Congress reaches deal to end FAA shutdown
After a partial shutdown of the Federal Aviation Administration (FAA) that left 4,000 transportation and construction workers temporarily furloghed, Congress has reached a bipartisan compromise that after the Senate approved the margin.
The Budget Control Act of 2011 has been sent to President Obama for his signature.
The bill raises the debt ceiling, protects the full faith and credit of the United States, and reduces the budget deficit, according to Sen. Harry Reid (R-Nev.)
The deal would allow the Senate to approve a House bill extending the FAA’s operating authority through mid-September, including a provision that cuts $16.5 million in air service subsidies to rural communities, according to an Associated Press report.
“This lengthy debate left Americans across the country wondering whether Congress would get the job done, or send our economy off a cliff,” Reid says in a press statement issued immediately following the Senate’s approval of the FAA measure. “But in the end, both sides came together. Neither side got everything it wanted, but our nation got a bipartisan compromise that averts an economic catastrophe, and puts us on a path toward fiscal stability. This agreement cuts the deficit by nearly a trillion dollars now and lays the groundwork for Congress to deliver a balanced deficit reduction package this fall.”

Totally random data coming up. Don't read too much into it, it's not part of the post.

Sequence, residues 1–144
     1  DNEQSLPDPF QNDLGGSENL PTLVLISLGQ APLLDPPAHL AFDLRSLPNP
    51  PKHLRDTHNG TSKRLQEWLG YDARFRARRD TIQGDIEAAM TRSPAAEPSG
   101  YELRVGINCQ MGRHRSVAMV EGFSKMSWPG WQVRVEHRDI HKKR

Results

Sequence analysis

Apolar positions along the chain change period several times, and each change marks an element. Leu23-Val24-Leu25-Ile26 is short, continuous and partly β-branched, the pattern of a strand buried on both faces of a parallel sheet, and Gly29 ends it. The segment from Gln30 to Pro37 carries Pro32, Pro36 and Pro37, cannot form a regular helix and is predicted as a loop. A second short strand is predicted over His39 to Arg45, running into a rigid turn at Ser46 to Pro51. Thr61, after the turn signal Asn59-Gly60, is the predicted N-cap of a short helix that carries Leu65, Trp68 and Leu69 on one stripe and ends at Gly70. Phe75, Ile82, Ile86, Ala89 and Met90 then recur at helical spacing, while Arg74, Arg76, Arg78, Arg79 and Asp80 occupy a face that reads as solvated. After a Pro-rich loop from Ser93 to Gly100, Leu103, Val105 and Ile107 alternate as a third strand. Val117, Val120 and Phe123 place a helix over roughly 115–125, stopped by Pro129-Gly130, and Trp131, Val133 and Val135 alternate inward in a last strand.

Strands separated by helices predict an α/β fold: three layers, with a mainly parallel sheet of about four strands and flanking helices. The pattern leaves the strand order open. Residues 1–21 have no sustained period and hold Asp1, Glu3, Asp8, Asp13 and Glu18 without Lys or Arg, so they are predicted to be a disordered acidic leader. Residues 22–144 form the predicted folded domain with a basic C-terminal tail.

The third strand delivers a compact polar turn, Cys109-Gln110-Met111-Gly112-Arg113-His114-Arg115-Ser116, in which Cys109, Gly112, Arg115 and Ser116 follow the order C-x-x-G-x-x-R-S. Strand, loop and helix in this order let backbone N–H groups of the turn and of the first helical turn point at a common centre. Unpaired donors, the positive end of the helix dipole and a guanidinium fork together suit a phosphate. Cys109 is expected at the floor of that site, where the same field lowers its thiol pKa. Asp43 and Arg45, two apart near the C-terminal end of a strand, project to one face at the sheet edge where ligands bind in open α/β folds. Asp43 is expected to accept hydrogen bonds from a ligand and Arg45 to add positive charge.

“As we craft the next step, Democrats will work to ensure that millionaires, billionaires, and corporate jet owners share in the pain of cutting back. Because that is a pain that millions of middle class families in Nevada and across the country feel every day. We need to do more for them. That is why Washington must now turn its focus back to Main Street, and start creating jobs.
“Today we made sure America will pay its bills. Now it’s time to make sure that all Americans can pay theirs.”
U.S. Transportation Secretary Ray LaHood said the FAA deal “is a tremendous victory for American workers everywhere.
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